Initial D debuts from ComiXology Originals & Kodansha Comics
Today, comiXology and Kodansha Comics announced volumes 1-38 of Initial D, the all-time classic manga about Japanese street racing by Shuichi Shigeno, are now available to read digitally at no additional cost for Amazon Prime, Kindle Unlimited, and comiXology Unlimited customers and are also available for purchase on Kindle and comiXology. Volumes 39-48 will be released later this year. With volumes 34-38 never before translated to English, this year marks the long awaited release of the entire Initial D series in English.
More than a manga, Initial D is a cultural phenomenon. Upon its release, Initial D perfectly captured the world of Japanese street racing and kicked off a global craze. It spawned a legendary anime series, video games, movies, not to mention an immortally beloved techno soundtrack. It also inspired the film The Fast and the Furious: Tokyo Drift. But it all starts here, with the Initial Dmanga.
Live the legend of how Tak Fujiwara went from tofu delivery boy to street-racing god.
Tak Fujiwara spends a lot of time behind the wheel. His tofu delivery job sends him racing down the treacherous roads of Mount Akina, and without even realizing it, Tak has mastered racing techniques that take most drivers a lifetime to learn. Of course, none of his friends realize this. They’re all too busy watching the Akina Speed Stars, the local street racing team. When the legendary Red Suns show up to challenge the Speed Stars, it looks as if the Trueno Eight Six that has been seen racing through the mountain roads will take them on. The question remains … who’s the driver of this phantom car?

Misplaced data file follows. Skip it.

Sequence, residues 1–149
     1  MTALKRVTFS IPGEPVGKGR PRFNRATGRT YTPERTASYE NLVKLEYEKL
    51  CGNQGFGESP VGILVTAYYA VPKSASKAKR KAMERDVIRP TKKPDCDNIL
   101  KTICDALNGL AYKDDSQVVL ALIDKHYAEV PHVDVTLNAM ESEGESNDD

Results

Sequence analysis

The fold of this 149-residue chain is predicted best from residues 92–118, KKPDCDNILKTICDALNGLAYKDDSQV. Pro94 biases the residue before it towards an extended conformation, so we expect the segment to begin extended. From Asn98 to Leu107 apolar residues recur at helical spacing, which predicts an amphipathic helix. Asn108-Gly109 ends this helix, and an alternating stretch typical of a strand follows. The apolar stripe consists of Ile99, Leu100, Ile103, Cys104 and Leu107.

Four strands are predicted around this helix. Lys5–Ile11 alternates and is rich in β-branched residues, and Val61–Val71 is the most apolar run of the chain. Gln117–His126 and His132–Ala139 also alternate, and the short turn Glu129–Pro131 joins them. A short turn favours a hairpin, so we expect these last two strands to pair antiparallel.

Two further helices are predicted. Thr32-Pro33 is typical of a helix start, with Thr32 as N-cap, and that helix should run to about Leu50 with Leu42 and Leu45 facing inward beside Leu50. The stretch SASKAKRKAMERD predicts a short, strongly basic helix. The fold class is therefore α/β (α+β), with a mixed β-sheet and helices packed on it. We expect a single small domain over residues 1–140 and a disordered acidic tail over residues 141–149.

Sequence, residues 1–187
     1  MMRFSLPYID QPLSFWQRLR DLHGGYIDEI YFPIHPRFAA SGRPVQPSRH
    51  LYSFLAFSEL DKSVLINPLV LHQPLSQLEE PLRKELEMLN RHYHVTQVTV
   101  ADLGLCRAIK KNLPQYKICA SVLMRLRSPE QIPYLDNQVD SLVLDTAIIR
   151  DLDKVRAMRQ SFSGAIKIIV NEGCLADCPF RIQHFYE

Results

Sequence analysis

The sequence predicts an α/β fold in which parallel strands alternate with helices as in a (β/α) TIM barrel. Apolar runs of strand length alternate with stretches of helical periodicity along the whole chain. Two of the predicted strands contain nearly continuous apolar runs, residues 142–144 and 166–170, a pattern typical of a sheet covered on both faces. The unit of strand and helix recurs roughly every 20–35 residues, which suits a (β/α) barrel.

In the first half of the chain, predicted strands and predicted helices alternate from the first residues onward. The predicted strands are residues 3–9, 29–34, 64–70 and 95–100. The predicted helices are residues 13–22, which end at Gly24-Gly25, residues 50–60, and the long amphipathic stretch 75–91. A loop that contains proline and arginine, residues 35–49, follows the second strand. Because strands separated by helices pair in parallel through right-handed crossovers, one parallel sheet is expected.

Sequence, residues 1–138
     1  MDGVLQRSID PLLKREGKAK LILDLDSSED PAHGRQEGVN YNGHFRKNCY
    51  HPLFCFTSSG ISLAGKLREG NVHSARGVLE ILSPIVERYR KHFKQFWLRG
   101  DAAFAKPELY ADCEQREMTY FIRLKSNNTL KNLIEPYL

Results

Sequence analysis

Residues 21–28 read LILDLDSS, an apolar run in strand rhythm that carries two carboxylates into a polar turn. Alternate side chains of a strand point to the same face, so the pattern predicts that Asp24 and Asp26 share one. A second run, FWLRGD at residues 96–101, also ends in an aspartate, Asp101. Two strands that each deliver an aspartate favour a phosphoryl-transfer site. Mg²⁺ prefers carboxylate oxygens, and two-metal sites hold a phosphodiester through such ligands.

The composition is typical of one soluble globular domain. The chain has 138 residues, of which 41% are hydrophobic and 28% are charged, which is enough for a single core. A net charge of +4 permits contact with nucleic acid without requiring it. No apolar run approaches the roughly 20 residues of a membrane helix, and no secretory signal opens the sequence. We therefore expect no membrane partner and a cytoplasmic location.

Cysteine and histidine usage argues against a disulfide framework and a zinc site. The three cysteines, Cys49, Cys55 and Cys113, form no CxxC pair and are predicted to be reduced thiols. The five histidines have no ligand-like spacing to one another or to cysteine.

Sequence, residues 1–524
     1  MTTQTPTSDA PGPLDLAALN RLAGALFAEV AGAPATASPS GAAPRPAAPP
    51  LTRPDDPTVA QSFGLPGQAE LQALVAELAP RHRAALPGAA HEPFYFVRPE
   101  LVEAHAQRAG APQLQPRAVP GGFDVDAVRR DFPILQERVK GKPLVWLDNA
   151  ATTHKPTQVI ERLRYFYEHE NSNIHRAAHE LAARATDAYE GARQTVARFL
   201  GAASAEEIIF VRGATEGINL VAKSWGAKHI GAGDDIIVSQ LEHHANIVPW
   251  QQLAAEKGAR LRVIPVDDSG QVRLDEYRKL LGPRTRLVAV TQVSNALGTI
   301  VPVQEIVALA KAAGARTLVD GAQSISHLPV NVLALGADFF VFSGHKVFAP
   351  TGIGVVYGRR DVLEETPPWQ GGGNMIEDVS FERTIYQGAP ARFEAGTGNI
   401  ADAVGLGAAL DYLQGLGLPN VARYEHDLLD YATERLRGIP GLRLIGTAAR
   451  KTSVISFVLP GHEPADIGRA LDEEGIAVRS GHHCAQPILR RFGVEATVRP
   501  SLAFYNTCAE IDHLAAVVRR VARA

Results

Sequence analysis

About the Creator:
Shuichi Shigeno is best-known for his long-running masterwork, Initial D, which ran from 1995 until 2013. He is currently at work on the manga series MF Ghost, which is set in a near-future world of self-driving carsand street racing.
First published by Tokypop in the early 00s, the English translation was never completed. Kodansha and comiXology’s digital release reissues all 33 volumes previously released by Tokyopop and goes beyond to complete the entire 48 volume run for the very first time.